Sequel Alert: Oh dear… this isn’t just a sequel to the second season of The World God Only Knows. This is the show adapting an arc that takes place over 100 chapters after the second season, going by the manga. Needless to say, a lot of stuff gets skipped. That said, before you panic and go looking up the skipped chapters, the first episode of this adaptation does give enough of an overall recap of things that as long as you’ve seen the first two seasons (and maybe the “Tenri” OVAs), you should be able to jump right in here just fine.
Keima Katsuragi is known as god of the world of dating sims and visual novels. Ever since Elsie, a demon from New Hell came along and brought with her a mission to capture loose souls residing in real-life girls, Keima has directed his skills at capturing the hearts of 2-D girls to the 3-D realm, and has a large number of conquests to his name. However, a couple of things now provide a whole new challenge for him. First of all, while the girls were supposed to have forgotten their conquest after Keima successfully released the loose souls within them, goddesses from Heaven have found residence in some of those girls, meaning they still remember everything that happened. And what’s worse, a cult of demons called Vintage are out, trying to revive the truly-demonic Old Hell, and are going after the goddesses… In order to find the goddesses before Vintage does, Keima must once again capture the hearts of those girls, and this time, much more is at stake.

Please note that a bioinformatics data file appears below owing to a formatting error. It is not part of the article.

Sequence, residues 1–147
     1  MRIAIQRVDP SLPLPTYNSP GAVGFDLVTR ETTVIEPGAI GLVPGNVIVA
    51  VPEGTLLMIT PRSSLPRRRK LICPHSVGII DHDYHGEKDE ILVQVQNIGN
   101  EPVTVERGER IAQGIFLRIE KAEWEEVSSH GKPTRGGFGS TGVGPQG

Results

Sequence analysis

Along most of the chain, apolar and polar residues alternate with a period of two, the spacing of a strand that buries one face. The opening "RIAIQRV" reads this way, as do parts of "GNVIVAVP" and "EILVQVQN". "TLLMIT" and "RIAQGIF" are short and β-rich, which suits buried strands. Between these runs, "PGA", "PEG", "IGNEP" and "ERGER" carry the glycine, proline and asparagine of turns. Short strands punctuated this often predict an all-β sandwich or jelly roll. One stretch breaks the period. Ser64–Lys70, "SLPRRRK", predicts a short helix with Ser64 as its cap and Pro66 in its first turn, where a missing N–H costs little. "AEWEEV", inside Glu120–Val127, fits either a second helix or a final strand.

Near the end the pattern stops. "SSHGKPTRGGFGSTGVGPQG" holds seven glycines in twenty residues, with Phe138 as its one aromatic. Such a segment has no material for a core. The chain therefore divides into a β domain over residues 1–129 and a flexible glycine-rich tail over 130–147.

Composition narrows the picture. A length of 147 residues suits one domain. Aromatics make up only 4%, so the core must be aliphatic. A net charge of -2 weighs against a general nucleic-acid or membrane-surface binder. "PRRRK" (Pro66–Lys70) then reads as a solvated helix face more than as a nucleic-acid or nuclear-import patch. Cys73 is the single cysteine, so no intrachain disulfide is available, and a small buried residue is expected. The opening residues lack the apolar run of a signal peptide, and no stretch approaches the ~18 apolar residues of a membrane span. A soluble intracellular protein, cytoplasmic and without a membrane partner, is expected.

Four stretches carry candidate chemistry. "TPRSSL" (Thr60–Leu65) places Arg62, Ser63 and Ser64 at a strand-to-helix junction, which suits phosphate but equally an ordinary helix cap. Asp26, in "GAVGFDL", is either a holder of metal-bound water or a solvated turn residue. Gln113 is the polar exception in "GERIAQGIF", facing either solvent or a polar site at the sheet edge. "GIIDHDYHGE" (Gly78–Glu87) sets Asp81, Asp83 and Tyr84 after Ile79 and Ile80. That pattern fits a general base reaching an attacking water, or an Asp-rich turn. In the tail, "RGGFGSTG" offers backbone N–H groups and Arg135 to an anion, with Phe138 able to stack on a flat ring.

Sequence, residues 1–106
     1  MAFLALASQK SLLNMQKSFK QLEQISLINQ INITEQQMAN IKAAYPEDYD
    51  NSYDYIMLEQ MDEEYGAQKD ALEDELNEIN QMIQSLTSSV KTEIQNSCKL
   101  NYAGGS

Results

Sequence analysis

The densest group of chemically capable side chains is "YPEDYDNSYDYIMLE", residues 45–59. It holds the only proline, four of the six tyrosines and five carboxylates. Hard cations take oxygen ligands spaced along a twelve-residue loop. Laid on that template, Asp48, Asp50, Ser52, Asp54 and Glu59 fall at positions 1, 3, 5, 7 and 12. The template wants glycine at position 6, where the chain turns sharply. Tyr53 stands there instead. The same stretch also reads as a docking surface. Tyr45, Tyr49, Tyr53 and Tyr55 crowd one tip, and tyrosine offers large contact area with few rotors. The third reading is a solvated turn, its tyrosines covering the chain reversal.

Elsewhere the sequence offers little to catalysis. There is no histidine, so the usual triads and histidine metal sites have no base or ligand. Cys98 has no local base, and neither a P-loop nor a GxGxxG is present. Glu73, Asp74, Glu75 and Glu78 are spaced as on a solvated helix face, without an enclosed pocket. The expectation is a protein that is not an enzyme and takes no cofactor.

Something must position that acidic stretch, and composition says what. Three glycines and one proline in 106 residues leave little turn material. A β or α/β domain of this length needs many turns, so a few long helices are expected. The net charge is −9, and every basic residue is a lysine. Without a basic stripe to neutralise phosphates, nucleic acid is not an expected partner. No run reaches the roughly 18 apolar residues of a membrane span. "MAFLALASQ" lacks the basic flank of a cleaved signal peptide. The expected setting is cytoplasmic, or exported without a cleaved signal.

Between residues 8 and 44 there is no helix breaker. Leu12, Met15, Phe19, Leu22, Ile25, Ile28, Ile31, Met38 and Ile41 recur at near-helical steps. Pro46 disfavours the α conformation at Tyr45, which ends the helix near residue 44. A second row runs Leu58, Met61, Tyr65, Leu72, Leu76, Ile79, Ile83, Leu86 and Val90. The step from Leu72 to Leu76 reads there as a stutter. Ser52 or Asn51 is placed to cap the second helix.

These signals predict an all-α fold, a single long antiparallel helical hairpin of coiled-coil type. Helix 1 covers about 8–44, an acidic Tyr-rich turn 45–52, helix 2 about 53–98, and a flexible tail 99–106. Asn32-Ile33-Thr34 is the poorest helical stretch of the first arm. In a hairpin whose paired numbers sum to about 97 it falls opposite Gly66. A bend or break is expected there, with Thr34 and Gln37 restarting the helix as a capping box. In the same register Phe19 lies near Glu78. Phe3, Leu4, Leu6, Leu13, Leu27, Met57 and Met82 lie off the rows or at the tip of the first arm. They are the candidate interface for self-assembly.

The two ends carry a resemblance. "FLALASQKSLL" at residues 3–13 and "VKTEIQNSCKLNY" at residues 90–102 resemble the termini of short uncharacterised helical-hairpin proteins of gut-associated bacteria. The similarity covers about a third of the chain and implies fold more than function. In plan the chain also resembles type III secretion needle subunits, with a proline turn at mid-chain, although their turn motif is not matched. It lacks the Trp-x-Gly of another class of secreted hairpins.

Ah, The World God Only Knows. It’s definitely a very quirky series, being a homage to dating sims and visual novels with a supernatural plot that conveniently forces the main character to attempt to marry his game knowledge with that of the real world. The result is something that is quite different from anything else out there, while still being strangely familiar, and despite having watched and enjoyed both previous seasons (as well as having read through much of the manga, including everything up to this arc), I still cannot quite describe just what this show is really like or why I like it so much.
One thing, though, is that there’s definitely a change in tone in how this arc is playing out, thanks to the presence of Vintage and events that start threatening the lives of those Keima knows. It’s interesting in and of itself to see Keima so concerned about the people around him, whereas before he only cared about the girls inside his game. There’s still plenty of fun and comedy as Keima attempts once again to adapt dating sim strategy to his new conquest mission, and all in all, this will definitely be something that fans of this series won’t want to miss.
This show (plus seasons 1 and 2) is available for streaming on Crunchyroll.
Check out my (new) My Anime List profile to see everything I'm watching this season and how much I'm liking each one. You can also see all the other anime series I've watched (excluding movies and OVA series at the moment) so far.